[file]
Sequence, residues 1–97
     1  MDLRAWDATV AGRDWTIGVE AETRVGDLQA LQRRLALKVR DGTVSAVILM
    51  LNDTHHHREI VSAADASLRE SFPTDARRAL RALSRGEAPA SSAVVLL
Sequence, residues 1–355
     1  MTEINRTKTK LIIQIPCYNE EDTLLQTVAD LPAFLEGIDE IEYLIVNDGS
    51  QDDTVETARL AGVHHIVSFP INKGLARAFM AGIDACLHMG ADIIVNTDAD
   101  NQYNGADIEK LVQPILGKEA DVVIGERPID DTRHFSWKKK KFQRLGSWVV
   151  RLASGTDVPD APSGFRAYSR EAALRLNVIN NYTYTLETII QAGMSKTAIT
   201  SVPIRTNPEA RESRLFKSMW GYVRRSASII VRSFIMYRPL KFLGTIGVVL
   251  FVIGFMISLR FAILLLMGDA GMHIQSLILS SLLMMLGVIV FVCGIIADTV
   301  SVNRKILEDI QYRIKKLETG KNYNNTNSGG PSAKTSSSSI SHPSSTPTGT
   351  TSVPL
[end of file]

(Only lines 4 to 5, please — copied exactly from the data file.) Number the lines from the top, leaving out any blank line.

Sequence, residues 1–355
     1  MTEINRTKTK LIIQIPCYNE EDTLLQTVAD LPAFLEGIDE IEYLIVNDGS